Intertemporal choice refers to decisions involving tradeoffs among costs and benefits occurring at different points in time. Despite a large number of studies have shown that impulsive behavior is closely related to subjective experience of time, but the relationship between impulsive behavior and perception of time is still controversial in intertemporal choices. From the perspective of personality differences, using a simple intertemporal choice task, this study investigated the differences in behavioral responses between two groups who had different tendencies of time perception (those who tended to overestimate time or underestimate time) in intertemporal choice to explore the role of time perception on intertemporal choice. In the present study, 32 participants who overestimated time (18 males and 14 females, average age = 20.36±1.25 years) and 32 participants who underestimate time (15 male and 17 females, average age = 20.64±1.98 years) were selected by using a time-production task from 120 volunteers recruited from some universities in China. They were asked to engage in a simple intertemporal choice task, in which, they were forced to make choices between two amounts of money attained in different delay time, and moreover, the difficulty of the intertemporal choice task was also manipulated through different amounts of money in options. The participants in the experiment were all right-hand, had normal or corrected-to-normal vision and had no neurological or psychological disorders. Each participant signed a consent form prior to the experiments and was paid after the experiment, according to their performance. The study was approved by the local academic committee. The results indicated that, (1) regardless difficulty of choice task, compared to the group who tended to underestimate time, the group who tended to overestimate time prefered to smaller-immediate rewards. (2) there is no significant difference in reaction time of intertemporal choice between the group who tended to overestimate time and the group who tended to underestimate time; and the reaction time of the group who tended to overestimate time was not affected by difficulty of choice task, while the reaction time of the group who tended to overestimate time in easy choice task was significantly longer than that in difficult task. In conclusion, the present study suggested that time perception plays an important role in intertemporal decision-making. Individuals who tend to overestimation of time may lead to overestimation of the cost of revenue, which would result in his/her impulsive choices in intertemporal choices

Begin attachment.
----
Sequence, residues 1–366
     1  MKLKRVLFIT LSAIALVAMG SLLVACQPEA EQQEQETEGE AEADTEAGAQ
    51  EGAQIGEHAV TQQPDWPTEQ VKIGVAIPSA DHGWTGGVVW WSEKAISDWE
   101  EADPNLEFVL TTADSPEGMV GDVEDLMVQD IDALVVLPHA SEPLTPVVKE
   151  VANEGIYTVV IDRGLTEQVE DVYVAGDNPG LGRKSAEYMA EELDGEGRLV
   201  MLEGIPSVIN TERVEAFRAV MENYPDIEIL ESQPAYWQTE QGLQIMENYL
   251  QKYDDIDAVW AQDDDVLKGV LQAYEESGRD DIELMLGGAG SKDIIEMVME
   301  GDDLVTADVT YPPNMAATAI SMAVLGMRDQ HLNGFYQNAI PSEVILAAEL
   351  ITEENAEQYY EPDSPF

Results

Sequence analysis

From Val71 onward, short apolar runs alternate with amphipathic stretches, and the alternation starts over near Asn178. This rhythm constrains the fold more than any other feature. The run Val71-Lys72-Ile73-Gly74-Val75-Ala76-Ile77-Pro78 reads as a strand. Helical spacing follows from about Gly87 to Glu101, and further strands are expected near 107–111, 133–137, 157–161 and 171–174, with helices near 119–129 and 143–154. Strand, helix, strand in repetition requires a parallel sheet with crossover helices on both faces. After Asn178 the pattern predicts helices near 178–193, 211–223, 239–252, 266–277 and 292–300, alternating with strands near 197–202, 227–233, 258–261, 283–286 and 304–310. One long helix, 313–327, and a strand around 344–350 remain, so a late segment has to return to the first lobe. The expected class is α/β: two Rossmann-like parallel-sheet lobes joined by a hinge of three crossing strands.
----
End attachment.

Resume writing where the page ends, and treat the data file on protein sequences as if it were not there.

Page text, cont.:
Related Articles | Metrics
    Mechanisms of Attentional Resource Limitations and Dual-task Interference
    Wu Yanwen;You Xuqun;Li Haixia
    2014, 46 (2):  174-184.  doi: 10.3724/SP.J.1041.2014.00174
    Abstract ( 1586 )